It seems that mother nature has imposed a speed limit on how fast messages travel along nerves, and that may help explain why elephants have a lumbering gait, while mice are so fast on their feet.
Researchers at Simon Fraser University in British Columbia measured the nerve speed of a variety of mammals, ranging from elephants to shrews. They found that nerves of all the animals tested, regardless of size, conducted impulses at roughly the same speed - about 50 metres a second. That essentially means large animals are going to have a delayed reaction time compared with small creatures, because they have to transmit nerve data over much longer distances. (Think how hard it would be to catch mice in the wild with your bare hands. You may be big, but they're nimble.)
The senior author of the paper, Max Donelan, said it's theoretically possible for large animals to exceed the nerve speed limit - but they would require much thicker nerves. In order to have the same reaction time and sensory perception as a tiny shrew, the elephant would need, for example, a sciatic nerve with a diameter of 30 metres, said Dr. Donelan. Of course, that would be impractical.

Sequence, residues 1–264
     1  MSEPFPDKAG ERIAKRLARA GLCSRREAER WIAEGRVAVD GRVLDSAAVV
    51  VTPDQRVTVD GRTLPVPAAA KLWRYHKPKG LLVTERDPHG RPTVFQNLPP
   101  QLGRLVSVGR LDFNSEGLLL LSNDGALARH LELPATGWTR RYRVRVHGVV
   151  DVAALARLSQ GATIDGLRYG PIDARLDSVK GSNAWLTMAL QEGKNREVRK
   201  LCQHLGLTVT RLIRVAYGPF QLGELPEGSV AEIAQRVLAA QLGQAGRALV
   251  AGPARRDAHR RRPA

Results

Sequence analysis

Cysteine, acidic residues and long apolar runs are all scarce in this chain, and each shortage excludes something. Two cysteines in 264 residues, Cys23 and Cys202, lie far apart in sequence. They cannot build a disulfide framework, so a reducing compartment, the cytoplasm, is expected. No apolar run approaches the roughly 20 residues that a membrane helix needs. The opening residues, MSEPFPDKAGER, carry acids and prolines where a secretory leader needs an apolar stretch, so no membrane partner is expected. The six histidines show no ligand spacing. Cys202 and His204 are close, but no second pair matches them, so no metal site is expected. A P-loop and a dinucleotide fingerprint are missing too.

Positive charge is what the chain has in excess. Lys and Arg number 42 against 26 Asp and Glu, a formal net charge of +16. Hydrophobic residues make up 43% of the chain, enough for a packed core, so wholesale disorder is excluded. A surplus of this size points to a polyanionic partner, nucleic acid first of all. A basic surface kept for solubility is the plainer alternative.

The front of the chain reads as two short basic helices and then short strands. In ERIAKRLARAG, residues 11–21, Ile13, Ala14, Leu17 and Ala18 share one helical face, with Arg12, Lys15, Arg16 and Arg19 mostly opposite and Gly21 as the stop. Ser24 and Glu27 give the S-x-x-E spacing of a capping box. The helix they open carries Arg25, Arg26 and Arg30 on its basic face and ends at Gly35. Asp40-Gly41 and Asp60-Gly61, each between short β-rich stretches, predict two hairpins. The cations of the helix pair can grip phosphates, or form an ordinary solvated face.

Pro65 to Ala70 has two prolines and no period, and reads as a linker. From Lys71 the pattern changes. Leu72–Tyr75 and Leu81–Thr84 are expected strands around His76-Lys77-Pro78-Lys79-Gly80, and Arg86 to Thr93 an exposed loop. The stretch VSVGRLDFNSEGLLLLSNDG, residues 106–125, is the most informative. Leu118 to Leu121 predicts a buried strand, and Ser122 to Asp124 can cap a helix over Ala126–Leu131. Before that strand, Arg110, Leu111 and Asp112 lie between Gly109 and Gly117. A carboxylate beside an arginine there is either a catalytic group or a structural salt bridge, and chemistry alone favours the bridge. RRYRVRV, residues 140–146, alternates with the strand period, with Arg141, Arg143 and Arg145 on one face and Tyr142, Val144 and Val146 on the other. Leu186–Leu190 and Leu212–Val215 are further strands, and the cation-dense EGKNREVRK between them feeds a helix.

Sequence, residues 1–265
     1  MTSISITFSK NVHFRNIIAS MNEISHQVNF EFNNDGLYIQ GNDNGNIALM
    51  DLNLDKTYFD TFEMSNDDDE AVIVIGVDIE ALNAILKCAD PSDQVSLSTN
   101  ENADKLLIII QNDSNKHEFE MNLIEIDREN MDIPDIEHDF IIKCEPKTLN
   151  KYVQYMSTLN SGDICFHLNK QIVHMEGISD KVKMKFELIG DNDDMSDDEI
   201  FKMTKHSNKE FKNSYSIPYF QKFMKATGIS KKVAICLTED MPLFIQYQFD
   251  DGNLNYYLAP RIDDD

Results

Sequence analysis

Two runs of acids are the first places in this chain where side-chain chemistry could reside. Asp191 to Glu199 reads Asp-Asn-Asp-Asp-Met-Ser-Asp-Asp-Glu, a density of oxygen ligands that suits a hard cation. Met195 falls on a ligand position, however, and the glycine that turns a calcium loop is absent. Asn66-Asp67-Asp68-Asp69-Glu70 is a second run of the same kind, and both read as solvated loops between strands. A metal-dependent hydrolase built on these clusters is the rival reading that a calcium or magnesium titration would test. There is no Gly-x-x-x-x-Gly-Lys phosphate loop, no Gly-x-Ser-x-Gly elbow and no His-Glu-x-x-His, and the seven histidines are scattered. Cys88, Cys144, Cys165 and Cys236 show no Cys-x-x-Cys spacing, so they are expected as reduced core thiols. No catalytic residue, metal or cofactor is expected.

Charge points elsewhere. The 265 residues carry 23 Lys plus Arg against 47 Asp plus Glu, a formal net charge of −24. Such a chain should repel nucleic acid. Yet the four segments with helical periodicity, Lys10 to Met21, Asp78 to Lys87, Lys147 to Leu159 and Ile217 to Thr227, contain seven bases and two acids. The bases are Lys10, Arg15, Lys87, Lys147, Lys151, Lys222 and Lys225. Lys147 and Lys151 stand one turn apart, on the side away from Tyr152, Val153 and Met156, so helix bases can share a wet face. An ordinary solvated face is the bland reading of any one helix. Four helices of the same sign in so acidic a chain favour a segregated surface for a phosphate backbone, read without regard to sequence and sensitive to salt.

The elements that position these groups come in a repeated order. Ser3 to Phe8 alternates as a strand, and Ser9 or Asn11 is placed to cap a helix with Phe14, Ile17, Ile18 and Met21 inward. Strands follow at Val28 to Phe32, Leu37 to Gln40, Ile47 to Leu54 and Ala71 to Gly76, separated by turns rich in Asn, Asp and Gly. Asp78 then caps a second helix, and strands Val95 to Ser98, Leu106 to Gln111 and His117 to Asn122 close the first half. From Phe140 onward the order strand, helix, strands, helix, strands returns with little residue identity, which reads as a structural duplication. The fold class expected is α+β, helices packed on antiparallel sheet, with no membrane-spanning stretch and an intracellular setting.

But what they lack in speed and agility, bigger beasts tend to compensate with increased brain power. Indeed, Dr. Donelan, whose study was published in the Proceedings of the Royal Society B, thinks the nerve speed limit may have driven large animals to become smarter. "Large animals need to think ahead and predict any changes that will occur so they have time to adapt their movements according," he explained.
"It could be that the nervous systems of large animals evolved to become excellent predictive machines. A brain that is good at predicting movement may also become good at predicting other aspects of life," added Dr. Donelan, who believes such forces also had a role to play in the evolution of the human brain. After all, it takes a smart person to invent a better mouse trap.